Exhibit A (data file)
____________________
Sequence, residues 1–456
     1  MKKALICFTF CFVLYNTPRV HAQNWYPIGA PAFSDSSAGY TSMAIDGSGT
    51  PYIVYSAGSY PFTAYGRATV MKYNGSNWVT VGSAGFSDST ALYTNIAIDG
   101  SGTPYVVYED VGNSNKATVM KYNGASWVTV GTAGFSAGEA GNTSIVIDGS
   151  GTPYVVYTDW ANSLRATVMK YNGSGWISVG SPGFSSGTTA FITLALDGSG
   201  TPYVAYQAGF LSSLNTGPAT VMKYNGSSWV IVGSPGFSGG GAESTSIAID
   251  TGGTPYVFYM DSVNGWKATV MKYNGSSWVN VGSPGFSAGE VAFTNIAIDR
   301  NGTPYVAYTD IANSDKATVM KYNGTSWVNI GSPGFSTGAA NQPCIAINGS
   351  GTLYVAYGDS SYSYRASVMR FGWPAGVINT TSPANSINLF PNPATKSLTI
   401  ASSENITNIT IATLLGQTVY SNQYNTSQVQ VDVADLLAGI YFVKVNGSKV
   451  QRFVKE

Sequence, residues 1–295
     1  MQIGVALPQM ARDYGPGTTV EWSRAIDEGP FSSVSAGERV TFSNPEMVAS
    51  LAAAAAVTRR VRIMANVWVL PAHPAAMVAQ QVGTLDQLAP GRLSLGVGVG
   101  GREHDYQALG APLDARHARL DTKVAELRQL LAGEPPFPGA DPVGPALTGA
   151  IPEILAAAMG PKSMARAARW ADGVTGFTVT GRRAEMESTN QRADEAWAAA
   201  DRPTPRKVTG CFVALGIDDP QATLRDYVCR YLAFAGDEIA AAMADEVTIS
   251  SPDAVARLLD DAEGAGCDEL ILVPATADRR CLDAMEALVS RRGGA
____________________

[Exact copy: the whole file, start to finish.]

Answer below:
Sequence, residues 1–456
     1  MKKALICFTF CFVLYNTPRV HAQNWYPIGA PAFSDSSAGY TSMAIDGSGT
    51  PYIVYSAGSY PFTAYGRATV MKYNGSNWVT VGSAGFSDST ALYTNIAIDG
   101  SGTPYVVYED VGNSNKATVM KYNGASWVTV GTAGFSAGEA GNTSIVIDGS
   151  GTPYVVYTDW ANSLRATVMK YNGSGWISVG SPGFSSGTTA FITLALDGSG
   201  TPYVAYQAGF LSSLNTGPAT VMKYNGSSWV IVGSPGFSGG GAESTSIAID
   251  TGGTPYVFYM DSVNGWKATV MKYNGSSWVN VGSPGFSAGE VAFTNIAIDR
   301  NGTPYVAYTD IANSDKATVM KYNGTSWVNI GSPGFSTGAA NQPCIAINGS
   351  GTLYVAYGDS SYSYRASVMR FGWPAGVINT TSPANSINLF PNPATKSLTI
   401  ASSENITNIT IATLLGQTVY SNQYNTSQVQ VDVADLLAGI YFVKVNGSKV
   451  QRFVKE

Sequence, residues 1–295
     1  MQIGVALPQM ARDYGPGTTV EWSRAIDEGP FSSVSAGERV TFSNPEMVAS
    51  LAAAAAVTRR VRIMANVWVL PAHPAAMVAQ QVGTLDQLAP GRLSLGVGVG
   101  GREHDYQALG APLDARHARL DTKVAELRQL LAGEPPFPGA DPVGPALTGA
   151  IPEILAAAMG PKSMARAARW ADGVTGFTVT GRRAEMESTN QRADEAWAAA
   201  DRPTPRKVTG CFVALGIDDP QATLRDYVCR YLAFAGDEIA AAMADEVTIS
   251  SPDAVARLLD DAEGAGCDEL ILVPATADRR CLDAMEALVS RRGGA